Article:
Transitions Coaching

We help you thrive amidst life transitions. We all face changes, whether planned or unexpected, and it can be difficult to see possibilities for moving forward while acknowledging the loss inherent in change.

What Transitions Coaching Looks Like For You

Blending evidence-based practices from end-of-life and grief support with science-based Co-active methods, Thrive Coach j Miranda will help you adapt to and cope with transition, connect to your passion, values, strengths, and interests, and in doing so, help you determine what is most important for the next stage of life. Loss can come in so many ways - the loss of a pet, divorce or separation from a loved one, losing your job, and countless other ways. No matter how you experience this loss and the accompanying grief, we will share that journey for however long you need. Individual and group coaching sessions can address:

  • Experiencing a substantial loss - marriage, job, financial, or physical
  • Contemplating a career change or transitioning from college to career
  • Living with a diagnosis of a life-threatening illness, either your own or a loved one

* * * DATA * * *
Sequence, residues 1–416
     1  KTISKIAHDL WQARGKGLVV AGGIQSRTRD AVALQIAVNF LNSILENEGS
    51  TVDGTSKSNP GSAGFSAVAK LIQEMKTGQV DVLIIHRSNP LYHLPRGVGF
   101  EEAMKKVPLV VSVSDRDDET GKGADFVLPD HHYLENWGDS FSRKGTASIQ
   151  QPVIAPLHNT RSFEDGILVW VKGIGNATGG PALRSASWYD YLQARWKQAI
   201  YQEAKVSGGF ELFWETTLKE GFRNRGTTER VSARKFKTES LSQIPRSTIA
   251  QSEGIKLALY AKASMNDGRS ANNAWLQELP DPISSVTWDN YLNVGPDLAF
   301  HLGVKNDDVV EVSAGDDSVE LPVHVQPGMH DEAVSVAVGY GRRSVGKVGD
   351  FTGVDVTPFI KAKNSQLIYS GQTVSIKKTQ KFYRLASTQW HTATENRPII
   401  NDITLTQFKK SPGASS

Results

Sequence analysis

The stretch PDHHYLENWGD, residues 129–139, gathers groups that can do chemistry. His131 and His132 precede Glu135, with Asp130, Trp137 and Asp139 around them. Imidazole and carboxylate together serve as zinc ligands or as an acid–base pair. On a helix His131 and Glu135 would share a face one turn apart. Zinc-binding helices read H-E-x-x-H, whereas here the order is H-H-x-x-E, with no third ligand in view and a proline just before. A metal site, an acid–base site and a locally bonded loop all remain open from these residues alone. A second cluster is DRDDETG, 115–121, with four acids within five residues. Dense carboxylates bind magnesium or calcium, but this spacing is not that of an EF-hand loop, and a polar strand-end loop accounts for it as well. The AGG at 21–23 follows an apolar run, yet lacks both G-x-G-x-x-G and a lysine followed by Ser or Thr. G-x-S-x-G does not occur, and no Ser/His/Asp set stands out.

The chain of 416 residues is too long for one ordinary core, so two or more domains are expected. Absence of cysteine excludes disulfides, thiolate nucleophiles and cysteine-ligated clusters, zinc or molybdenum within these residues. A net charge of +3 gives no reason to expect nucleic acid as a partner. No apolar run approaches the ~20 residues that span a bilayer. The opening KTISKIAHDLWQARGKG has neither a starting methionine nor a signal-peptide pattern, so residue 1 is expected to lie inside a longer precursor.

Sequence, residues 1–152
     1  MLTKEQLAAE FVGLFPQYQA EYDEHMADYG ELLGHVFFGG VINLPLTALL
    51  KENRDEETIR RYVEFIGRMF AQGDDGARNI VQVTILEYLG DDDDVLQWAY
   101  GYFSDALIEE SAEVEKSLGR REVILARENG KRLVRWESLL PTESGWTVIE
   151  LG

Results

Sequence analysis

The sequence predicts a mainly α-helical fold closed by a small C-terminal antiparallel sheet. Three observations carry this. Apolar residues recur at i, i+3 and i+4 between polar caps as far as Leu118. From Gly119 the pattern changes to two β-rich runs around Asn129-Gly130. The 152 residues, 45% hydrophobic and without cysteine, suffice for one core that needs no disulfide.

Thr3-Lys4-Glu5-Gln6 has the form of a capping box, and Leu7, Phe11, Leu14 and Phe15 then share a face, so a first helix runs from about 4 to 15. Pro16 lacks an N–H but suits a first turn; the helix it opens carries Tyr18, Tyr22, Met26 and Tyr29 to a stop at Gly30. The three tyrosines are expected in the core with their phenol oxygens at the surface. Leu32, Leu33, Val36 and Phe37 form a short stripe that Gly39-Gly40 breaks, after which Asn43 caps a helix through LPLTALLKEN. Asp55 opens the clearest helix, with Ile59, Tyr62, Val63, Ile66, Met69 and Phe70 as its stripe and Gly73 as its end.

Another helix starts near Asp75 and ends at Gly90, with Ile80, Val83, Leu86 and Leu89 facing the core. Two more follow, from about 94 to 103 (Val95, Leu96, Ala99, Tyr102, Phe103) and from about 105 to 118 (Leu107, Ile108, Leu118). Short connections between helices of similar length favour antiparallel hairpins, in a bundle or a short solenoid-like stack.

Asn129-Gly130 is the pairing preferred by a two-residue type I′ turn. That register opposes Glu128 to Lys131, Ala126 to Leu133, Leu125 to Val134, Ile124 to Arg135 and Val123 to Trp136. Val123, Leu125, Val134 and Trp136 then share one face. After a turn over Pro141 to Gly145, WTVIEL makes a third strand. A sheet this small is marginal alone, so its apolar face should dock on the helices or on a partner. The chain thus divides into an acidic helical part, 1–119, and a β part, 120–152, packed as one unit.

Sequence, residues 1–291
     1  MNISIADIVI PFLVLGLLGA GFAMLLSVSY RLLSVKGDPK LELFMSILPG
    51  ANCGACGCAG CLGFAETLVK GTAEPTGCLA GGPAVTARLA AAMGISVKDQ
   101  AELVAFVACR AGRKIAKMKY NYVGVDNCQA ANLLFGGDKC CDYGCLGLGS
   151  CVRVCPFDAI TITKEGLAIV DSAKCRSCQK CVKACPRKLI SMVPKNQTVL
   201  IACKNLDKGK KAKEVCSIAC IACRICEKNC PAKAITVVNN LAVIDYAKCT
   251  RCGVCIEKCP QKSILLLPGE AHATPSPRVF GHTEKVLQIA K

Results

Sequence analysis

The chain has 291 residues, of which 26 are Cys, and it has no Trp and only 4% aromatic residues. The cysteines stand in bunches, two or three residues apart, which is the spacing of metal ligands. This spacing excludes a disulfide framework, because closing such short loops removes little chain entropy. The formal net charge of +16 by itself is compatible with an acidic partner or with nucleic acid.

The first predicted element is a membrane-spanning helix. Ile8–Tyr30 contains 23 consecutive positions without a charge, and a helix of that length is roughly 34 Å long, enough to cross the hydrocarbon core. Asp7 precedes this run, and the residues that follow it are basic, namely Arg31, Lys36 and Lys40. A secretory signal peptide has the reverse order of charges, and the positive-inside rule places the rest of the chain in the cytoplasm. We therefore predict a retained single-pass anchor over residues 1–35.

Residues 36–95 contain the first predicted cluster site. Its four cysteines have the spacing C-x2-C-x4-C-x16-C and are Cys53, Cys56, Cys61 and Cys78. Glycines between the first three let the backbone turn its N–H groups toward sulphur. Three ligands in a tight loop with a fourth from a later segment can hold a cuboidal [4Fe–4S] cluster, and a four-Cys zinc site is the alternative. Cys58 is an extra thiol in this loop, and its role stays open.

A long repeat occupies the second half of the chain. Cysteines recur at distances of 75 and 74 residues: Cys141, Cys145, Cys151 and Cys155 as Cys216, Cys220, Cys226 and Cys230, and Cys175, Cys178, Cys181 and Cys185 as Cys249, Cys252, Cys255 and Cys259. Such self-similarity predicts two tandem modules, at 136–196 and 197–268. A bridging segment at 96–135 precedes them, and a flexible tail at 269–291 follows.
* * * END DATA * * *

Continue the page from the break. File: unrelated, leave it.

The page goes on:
• Grieving the death of another person or pet
Older couple talking to life coach about end of life planning

End of Life Coaching

As an end of life coach, Thrive Founder and Bereavement Coach j Miranda provides a compassionate and safe space as you approach the pain and confusion that comes with any end of life issue. Coaching provides a safe space to talk about your hopes, your fears, and what it means to die. You will have a companion who provides a safe space for you to share anything you want and to experience a wide variety of emotions and feelings you have. In addition to supporting your transition, j can also provide emotional support and coaching for your loved ones, either individually or as a family. As a celebrant, she can help you and your family create and experience a memorable remembrance to honor your loved one.

Advance Care Planning

Our society's predominant orientation about death and mourning is avoidance and so it is no wonder that we find it difficult to talk about death and dying. We don't want to talk about our funeral, how we want to die, or what happens when we are gone. We don't want to think about medical concerns and how we want to receive medical care. Yet those conversations are essential components that ensure that the care we want at the end of our life, whenever that is, is understood and made available so that our loved ones do not have to make difficult decisions when we can't speak for ourselves.